Why write about Blue belt?
Why is a blue belt such a benchmark in Brazilian Jiu Jitsu? Why is it so important to individuals to not be a white belt? Maybe it’s because it gets rid of the “beginner” status. So there we have it, the blue belt is the first step up the ladder. But what does receiving your blue belt acknowledge?
What does it mean?
The blue belt is a huge achievement for a grappler in BJJ. It denotes an individual is serious about the art, they have dedication and perseverance. I might even suggest it is the hardest belt to get, after all look how many people never even try BJJ, or try and give up very quickly. Let’s face it as a white belt you get mauled, you hurt from an exercise that your body would not normally do, whilst those more advanced than you twist you, choke you and squash you. It’s tough down there. The blue belt is the first acknowledgement that you have a certain level of experience.
A blue belt, now what?
You have achieved your promotion, the belt is proudly around your waist. Where does your attention go now? Simply put the answer is techniques. The white belt was an introduction to them, now at blue you have to get to know them. By now you should be familiar with the fundamentals, comfortable even with them. As a blue belt you understand the mount, side control, back control and guard, from both attacking and defending positions. You know the armbars and chokes. The difference is that you have to learn to look beyond that one move.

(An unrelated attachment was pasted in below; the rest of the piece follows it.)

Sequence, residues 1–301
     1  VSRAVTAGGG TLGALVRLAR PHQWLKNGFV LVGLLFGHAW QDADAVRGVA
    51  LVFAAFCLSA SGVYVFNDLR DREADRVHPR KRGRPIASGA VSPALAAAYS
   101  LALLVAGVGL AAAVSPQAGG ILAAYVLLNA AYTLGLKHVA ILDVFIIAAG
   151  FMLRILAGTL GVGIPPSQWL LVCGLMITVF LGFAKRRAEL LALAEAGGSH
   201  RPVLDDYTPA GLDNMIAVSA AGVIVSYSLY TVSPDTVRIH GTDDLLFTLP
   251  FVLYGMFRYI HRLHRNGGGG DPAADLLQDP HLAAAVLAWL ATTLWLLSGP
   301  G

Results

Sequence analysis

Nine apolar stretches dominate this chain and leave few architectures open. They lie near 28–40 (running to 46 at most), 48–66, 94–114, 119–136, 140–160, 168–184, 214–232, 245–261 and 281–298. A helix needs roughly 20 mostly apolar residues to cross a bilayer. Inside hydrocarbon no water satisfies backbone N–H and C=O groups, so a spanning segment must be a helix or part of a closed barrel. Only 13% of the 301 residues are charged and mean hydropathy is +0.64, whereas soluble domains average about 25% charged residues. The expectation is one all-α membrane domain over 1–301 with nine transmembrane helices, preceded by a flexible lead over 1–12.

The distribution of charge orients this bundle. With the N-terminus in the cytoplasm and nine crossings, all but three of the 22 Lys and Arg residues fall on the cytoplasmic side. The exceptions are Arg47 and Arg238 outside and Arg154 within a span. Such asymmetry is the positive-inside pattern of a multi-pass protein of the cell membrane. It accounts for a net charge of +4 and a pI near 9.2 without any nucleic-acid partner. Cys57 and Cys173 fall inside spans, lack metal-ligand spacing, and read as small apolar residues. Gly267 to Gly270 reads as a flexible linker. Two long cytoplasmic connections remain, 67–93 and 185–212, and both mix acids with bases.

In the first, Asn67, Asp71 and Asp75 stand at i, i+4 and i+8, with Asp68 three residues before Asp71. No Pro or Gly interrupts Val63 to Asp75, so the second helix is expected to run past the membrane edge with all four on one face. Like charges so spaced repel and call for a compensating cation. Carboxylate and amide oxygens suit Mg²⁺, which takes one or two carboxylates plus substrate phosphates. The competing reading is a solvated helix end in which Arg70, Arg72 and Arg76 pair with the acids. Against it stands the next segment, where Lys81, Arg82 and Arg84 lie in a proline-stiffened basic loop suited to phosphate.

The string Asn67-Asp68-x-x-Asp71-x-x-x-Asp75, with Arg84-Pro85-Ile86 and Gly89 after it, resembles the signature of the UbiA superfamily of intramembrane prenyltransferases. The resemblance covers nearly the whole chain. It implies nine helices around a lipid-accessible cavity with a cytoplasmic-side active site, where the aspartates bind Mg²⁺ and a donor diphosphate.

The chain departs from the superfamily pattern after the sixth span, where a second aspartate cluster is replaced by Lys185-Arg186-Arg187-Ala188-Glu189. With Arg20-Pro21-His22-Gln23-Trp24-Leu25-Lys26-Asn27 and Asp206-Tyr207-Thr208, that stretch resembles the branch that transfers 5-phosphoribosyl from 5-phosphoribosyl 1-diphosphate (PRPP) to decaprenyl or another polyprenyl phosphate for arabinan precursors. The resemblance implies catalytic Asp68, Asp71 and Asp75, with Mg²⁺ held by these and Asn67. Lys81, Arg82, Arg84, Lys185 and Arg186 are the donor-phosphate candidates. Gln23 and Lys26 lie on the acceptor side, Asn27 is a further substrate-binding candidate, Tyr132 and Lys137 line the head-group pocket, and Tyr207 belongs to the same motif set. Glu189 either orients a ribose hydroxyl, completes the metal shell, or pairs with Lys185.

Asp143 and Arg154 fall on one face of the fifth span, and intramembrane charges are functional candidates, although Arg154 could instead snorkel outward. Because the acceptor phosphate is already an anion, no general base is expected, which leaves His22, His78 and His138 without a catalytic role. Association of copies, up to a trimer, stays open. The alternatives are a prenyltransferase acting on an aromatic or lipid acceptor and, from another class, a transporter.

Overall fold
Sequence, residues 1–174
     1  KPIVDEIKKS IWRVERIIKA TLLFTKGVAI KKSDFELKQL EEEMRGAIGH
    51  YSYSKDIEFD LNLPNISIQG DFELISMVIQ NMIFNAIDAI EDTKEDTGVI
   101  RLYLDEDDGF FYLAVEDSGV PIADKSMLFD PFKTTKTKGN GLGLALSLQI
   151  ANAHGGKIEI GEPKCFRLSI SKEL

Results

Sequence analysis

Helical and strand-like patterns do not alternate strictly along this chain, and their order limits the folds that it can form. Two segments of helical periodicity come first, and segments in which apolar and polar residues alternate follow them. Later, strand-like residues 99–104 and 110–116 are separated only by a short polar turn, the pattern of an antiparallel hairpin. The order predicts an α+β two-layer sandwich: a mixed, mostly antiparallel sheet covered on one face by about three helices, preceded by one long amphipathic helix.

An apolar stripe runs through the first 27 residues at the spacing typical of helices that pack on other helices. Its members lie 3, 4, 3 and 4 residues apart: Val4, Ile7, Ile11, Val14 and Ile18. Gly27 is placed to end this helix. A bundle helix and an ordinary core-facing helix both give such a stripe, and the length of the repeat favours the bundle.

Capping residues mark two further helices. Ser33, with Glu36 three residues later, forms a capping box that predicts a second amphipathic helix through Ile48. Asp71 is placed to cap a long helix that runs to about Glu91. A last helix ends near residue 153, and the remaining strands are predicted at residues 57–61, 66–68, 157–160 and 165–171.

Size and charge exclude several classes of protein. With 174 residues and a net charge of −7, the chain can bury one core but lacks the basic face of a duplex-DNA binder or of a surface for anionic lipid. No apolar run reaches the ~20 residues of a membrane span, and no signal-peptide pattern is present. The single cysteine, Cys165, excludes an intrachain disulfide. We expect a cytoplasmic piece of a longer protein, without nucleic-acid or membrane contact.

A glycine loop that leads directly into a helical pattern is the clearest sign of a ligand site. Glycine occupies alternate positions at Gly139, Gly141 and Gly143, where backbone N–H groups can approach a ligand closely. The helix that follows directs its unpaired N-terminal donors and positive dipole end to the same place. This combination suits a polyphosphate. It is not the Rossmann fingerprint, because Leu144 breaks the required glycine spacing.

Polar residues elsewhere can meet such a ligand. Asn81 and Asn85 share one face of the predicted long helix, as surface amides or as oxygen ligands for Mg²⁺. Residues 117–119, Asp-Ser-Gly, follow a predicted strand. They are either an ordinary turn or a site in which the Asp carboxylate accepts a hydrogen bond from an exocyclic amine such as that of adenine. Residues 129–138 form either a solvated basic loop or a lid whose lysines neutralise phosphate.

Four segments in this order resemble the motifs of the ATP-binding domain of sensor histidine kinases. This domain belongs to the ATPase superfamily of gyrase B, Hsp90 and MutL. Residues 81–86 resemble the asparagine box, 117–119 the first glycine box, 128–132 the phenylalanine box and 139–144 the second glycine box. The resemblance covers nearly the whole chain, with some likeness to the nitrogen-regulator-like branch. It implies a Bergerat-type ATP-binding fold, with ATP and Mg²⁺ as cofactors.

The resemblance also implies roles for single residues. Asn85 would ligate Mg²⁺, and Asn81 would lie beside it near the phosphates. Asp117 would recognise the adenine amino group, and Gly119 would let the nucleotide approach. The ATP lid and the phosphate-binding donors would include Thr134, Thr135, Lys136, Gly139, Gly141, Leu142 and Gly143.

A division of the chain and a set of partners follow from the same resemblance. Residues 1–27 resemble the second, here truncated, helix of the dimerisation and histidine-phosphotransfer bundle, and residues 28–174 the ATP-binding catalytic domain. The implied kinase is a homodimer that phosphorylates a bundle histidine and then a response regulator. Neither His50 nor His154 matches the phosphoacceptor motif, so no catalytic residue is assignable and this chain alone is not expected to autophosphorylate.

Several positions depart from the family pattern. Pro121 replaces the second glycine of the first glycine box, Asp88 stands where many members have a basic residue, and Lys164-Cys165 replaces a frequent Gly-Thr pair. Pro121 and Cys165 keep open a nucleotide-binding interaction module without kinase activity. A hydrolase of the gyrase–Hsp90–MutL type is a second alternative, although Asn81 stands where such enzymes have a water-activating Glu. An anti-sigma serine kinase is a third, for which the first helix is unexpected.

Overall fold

The technical challenge
Seeing past that one move at a time is the indicator of a solid blue belt. Here lies the aim of all new BJJ blue belts and the way to do that it is through experimentation. Now is the time the open guards get developed, you look to string together submissions in chains and think about countering. In essence your game of solid fundamentals becomes technical by bolting them together in a logical way.
The stay at blue belt is often a long one, 2-5 years, is common. The reason is simple, for a blue belt to progress they have to demonstrate a good and varied technical knowledge. Let’s assume that a purple belt knows all the techniques that a black belt does, but isn’t as good at applying them, which is fair. So a purple belt must learn the techniques on their journey through blue. Now we can see why, given the volume of techniques available, BJJ blue belts are “slow cooked” and not “microwaved”.
Blue belt beyond technique
It doesn’t end with the technical aspect. A blue belt also has to live up to certain standards. White belts look to them for guidance about mat behaviour, and as such blue belts represent the academy both on the mats and with their lifestyle choices. The higher belts will appear very distant to white belts and the blue belts are the bridge between them.
Common among blue belts is a feeling of increased pressure. We know ego has no place in BJJ, but it takes time to learn how to suppress it. Getting tapped by a white belt is hard for a blue belt, especially in their early days. Overcoming this self placed pressure is important, those who don’t quit altogether.
There we have it then. The journey through blue belt is hard. It is one of dogged determination and perseverance. Just like the joys of a slow cooker, the rewards make it all worth it.
Regards – Martin.
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